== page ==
High quality medical photography is a vital component of modern medical practice. It provides the means of documenting a medical condition or the effects of a course of treatment. Medical Photography is also a useful audit tool and offers  invaluable protection against legal claims arising from perceived failures of medical or surgical intervention.

Medical Photography is widely used in any speciality where the patient’s condition is visible. Hence, our sixteen strong team of highly skilled medical photographers is routinely involved in the production of imagery for dermatology, ophthalmology, dental photography and orthodontics, plastic surgery, ENT surgery and more. Clinicians working in these areas need to see consistency and comparability over time in the documentation of their patients’ conditions. Our medical photographers draw on a wealth of knowledge gathered over fifty years. The company grew out of the first medical photography department to be established in the health service.

In keeping with current regulation in healthcare, all members of the photographic team are health and DBS checked. Furthermore, all photographers are CAMIP registered, or in training and working towards that status.

The size and flexibility of our team means that we can react rapidly and effectively to sudden or increased demand. Consequently our photographers attend a large number of both NHS Trusts and private sector institutions either as regular members of staff or to provide locum cover when a local service is compromised.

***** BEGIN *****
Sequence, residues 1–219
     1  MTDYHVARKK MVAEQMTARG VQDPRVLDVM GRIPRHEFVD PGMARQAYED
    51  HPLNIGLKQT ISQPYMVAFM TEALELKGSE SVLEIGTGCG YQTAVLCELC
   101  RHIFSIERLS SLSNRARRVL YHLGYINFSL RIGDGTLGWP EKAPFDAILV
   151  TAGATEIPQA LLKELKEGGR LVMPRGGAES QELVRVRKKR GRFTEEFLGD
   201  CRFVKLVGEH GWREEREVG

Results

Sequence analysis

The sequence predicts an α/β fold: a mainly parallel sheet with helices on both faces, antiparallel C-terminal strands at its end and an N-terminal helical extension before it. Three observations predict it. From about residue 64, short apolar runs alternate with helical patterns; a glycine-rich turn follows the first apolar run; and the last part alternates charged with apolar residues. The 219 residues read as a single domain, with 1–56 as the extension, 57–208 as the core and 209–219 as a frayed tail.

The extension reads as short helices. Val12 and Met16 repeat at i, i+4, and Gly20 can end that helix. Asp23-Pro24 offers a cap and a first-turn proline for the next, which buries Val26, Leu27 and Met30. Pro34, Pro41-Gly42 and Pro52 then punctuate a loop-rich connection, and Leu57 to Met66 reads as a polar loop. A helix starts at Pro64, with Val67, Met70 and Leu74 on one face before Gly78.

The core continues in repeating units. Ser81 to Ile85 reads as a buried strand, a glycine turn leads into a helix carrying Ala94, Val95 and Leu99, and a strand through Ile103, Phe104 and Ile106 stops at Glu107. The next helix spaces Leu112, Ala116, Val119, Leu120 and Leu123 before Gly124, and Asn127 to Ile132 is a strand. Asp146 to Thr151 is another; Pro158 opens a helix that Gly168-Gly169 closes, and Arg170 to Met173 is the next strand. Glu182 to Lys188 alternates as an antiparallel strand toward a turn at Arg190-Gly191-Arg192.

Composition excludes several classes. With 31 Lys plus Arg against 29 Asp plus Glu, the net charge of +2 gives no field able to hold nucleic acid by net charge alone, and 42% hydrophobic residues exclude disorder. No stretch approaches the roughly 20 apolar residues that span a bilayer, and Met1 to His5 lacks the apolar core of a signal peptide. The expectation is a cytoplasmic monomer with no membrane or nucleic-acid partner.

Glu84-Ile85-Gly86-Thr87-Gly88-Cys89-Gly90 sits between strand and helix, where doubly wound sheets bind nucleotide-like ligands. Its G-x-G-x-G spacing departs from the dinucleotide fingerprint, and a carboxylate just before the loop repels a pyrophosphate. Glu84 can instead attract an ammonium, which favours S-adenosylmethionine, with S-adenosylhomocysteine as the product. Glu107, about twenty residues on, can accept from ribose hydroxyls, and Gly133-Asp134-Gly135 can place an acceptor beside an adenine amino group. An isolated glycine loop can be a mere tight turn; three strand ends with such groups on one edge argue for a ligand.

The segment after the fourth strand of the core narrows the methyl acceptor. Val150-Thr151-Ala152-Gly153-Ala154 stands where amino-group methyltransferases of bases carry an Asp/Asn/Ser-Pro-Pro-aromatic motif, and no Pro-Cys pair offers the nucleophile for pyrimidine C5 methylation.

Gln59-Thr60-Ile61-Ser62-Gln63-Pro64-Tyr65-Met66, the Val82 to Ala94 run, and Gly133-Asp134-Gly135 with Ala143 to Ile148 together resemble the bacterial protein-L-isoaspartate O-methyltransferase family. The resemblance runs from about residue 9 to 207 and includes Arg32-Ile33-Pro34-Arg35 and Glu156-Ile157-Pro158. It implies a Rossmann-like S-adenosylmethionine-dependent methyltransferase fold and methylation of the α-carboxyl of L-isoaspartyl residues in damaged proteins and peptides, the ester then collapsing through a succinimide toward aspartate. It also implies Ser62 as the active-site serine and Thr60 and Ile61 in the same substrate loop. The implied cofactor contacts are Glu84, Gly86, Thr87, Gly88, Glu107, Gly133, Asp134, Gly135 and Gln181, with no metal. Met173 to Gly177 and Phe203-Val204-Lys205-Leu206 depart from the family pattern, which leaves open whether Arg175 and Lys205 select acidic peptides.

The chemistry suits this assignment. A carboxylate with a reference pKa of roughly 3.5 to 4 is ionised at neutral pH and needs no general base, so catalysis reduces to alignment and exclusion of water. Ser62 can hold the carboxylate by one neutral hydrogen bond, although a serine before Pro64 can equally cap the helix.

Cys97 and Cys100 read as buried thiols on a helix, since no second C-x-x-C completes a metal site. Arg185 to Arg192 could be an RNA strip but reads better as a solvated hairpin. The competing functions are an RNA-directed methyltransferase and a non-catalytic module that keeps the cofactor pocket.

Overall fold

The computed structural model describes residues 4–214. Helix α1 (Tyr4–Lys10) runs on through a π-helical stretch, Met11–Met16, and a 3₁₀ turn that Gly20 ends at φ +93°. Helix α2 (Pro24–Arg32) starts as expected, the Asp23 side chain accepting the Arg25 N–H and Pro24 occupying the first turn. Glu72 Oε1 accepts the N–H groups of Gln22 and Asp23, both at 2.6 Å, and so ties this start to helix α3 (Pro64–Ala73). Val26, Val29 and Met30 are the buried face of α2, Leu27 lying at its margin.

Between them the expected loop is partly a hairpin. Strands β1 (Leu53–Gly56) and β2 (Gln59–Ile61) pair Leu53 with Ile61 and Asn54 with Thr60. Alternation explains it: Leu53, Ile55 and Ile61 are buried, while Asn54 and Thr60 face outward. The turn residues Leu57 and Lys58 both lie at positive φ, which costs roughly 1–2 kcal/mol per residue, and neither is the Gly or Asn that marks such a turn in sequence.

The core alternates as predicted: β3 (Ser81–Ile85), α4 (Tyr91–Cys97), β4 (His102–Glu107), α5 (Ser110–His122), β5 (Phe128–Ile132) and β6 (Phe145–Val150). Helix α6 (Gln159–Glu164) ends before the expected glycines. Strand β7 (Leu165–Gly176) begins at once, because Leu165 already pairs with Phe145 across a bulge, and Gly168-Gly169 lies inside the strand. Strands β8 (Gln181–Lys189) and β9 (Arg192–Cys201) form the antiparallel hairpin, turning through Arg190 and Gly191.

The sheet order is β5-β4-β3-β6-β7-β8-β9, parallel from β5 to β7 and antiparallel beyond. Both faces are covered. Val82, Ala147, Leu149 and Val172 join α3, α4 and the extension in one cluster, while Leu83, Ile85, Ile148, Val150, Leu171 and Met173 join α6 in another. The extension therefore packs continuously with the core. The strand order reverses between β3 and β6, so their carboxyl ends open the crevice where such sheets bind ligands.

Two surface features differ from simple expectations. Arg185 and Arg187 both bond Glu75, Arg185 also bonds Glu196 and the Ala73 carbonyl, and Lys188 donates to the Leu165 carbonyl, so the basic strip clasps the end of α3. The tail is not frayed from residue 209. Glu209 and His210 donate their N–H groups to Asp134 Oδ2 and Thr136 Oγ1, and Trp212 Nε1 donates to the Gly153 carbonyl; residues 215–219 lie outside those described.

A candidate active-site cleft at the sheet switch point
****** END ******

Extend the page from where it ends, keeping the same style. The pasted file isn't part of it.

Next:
In addition to using photography to document the patient’s condition, our photographers also use the medium in a variety of diagnostic procedures, particularly in ophthalmology. Fluorescein angiography and ocular coherence tomography are extensively used in the diagnosis and management of common eye conditions. Our medical photographers & ophthalmic imagers complete thousands of these investigations a year. Several of our team are also qualified through the City and Guilds of London Institute to screen and grade the eyes of people with diabetes to the standard expected by the national diabetic eye screening programme.

Medical photography has a role in research and in pharmaceutical trials. We currently have three ophthalmic photographers accredited by international trials (e.g DARC, Cleopatra, Trend) to produce the crucial photographic documentation required to validate them, and will be training more in the near future.  We are involved in a number of international trials of radiotherapy treatments (e.g. IMPORT, BIG TROG) which are planned to continue for 10 years and require a high level of standardisation and consistency.


Medical photography in DermatologyUV

Dermatologists consider photography to be one of the key investigations that they can order for their patients. Medical photography is used to document the progress of a skin condition. In addition, it is invaluable in the management of pigmented lesions, given the increasing incidence of skin cancer.  Surveys of the entire skin surface may be produced as well as highly magnified images of individual lesions. It can also be used to enhance or reveal detail in the skin that is not easily visible to the naked eye. Dermoscopy for example reveals detail of structures within a lesion which are below the surface of the skin and hence not normally visible. Similarly, photography using ultraviolet radiation can provide extra information that might not otherwise be available to the dermatologist, particularly in pigmentary disorders.

Useful Links and Downloads

A Critical Account of the History of Medical Photography in the UK

Good Practice in Consent Implementation Guide 

Institute of Medical Illustrators (IMI)